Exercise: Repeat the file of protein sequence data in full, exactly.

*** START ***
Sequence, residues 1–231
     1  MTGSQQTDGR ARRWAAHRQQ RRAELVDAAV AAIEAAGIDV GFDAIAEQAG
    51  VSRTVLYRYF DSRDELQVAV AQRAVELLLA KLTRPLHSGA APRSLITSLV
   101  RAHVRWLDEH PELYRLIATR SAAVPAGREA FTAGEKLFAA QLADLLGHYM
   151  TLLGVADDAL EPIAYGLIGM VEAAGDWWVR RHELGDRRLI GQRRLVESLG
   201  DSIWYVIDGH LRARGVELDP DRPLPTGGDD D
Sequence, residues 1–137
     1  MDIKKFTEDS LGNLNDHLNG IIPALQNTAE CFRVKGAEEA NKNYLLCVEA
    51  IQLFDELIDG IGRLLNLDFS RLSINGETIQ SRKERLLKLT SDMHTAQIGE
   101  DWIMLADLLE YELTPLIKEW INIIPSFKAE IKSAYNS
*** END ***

Sequence, residues 1–231
     1  MTGSQQTDGR ARRWAAHRQQ RRAELVDAAV AAIEAAGIDV GFDAIAEQAG
    51  VSRTVLYRYF DSRDELQVAV AQRAVELLLA KLTRPLHSGA APRSLITSLV
   101  RAHVRWLDEH PELYRLIATR SAAVPAGREA FTAGEKLFAA QLADLLGHYM
   151  TLLGVADDAL EPIAYGLIGM VEAAGDWWVR RHELGDRRLI GQRRLVESLG
   201  DSIWYVIDGH LRARGVELDP DRPLPTGGDD D
Sequence, residues 1–137
     1  MDIKKFTEDS LGNLNDHLNG IIPALQNTAE CFRVKGAEEA NKNYLLCVEA
    51  IQLFDELIDG IGRLLNLDFS RLSINGETIQ SRKERLLKLT SDMHTAQIGE
   101  DWIMLADLLE YELTPLIKEW INIIPSFKAE IKSAYNS